Mark Mercer, a Philosophy professor, has a piece in The Ottawa Citizen that’s worth a read.
As a civil libertarian, he argues that “freedom of religion” really isn’t necessary if other liberties are respected. And when we give special privileges to people of faith, we’re “[violating] our equality as citizens.”
Courts have ruled that Sikh boys may wear small daggers, kirpans, to school. Other schoolchildren may not wear small daggers.
Muslim women may be veiled while testifying in court, at least so long as their religious belief is sincere enough, though neither men nor non-Muslims may.
One would have thought that a liberty is for all of us, not just for those who claim special status. The correct civil libertarian position is to insist both that the laws apply to all of us equally and that the laws have no business telling us what to do unless serious harm is in the offing.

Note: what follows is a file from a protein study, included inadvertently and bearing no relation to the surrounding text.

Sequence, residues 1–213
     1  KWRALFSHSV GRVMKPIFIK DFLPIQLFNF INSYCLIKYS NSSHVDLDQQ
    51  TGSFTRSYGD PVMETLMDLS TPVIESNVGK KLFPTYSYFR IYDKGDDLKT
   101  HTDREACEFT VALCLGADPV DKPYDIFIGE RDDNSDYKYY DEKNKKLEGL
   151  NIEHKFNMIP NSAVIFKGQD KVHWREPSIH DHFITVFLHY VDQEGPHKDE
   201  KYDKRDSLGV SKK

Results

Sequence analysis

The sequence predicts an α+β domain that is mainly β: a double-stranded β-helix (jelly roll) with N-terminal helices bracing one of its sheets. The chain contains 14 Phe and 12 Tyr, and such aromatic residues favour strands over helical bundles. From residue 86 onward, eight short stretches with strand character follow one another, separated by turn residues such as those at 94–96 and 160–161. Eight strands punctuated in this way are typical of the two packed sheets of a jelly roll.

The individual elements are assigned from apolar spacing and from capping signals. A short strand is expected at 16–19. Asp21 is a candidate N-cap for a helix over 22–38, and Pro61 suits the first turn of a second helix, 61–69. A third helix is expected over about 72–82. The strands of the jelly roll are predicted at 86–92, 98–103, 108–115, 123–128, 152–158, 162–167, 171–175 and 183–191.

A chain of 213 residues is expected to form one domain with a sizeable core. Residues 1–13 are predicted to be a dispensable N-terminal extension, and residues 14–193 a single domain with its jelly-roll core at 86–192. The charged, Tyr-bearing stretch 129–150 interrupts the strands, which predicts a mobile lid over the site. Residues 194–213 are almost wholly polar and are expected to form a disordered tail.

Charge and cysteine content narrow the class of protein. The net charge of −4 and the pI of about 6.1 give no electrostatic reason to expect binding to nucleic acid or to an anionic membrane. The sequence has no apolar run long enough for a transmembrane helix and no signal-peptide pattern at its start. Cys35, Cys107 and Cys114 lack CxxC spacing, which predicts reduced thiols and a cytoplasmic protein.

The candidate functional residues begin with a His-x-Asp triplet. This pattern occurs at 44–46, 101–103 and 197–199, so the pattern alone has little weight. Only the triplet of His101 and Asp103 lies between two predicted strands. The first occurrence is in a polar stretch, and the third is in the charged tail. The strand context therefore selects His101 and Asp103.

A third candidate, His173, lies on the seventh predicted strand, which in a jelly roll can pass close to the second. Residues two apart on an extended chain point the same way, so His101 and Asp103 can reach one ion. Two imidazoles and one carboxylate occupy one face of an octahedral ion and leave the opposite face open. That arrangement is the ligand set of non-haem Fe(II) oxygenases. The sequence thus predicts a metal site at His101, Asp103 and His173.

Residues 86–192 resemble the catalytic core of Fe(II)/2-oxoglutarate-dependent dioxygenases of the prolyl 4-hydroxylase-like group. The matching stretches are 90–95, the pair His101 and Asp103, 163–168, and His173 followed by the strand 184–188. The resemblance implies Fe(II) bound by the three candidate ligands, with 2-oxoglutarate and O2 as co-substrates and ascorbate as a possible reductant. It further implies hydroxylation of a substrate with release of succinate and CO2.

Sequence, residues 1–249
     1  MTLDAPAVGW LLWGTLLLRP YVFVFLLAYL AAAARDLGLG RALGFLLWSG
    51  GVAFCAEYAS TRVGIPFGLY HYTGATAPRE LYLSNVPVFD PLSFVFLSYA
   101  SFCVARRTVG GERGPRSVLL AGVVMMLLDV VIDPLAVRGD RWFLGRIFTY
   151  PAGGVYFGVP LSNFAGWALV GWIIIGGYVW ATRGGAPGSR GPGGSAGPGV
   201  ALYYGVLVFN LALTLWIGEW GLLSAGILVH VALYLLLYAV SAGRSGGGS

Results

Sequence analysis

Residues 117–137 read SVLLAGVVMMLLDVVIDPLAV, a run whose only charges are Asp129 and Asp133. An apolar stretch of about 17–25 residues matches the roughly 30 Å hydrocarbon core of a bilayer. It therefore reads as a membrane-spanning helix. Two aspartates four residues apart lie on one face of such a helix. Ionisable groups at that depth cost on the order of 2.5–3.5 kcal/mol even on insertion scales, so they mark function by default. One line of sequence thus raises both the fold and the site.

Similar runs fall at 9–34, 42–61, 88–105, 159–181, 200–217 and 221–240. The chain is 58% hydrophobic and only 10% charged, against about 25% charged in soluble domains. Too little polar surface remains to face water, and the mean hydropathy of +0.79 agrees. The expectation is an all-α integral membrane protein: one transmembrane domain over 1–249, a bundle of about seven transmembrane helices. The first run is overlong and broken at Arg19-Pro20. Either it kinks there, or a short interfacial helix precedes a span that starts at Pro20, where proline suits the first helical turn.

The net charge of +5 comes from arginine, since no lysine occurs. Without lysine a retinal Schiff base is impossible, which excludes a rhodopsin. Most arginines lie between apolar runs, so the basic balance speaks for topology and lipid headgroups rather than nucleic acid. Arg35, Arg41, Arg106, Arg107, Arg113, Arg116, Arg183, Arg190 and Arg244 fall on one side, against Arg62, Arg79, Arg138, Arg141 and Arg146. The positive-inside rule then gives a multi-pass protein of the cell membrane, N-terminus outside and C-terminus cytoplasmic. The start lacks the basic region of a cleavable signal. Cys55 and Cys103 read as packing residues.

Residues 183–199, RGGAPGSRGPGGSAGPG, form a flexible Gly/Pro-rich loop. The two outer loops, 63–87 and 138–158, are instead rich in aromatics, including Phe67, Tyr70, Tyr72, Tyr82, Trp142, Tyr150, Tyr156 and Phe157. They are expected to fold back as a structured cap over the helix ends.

From a civil liberties perspective, the thing to do is to ask whether schoolchildren carrying sheathed knives in their clothing pose a serious risk of harm to their classmates or others. If they don’t, then rules against their carrying knives are illegitimate, and any schoolchild who wants to carry one may, whether for religious reasons or not.
It’s not mentioned in the piece, but it’s also disturbing to me that there are religious exemptions in some American states for parents who kill their children because they opted for “faith healing” instead of real medicine when the children were dying.
There’s no reason someone’s religion should serve as a “Get Out of Jail Free” card.
(Thanks to AxeGrrl for the link!)
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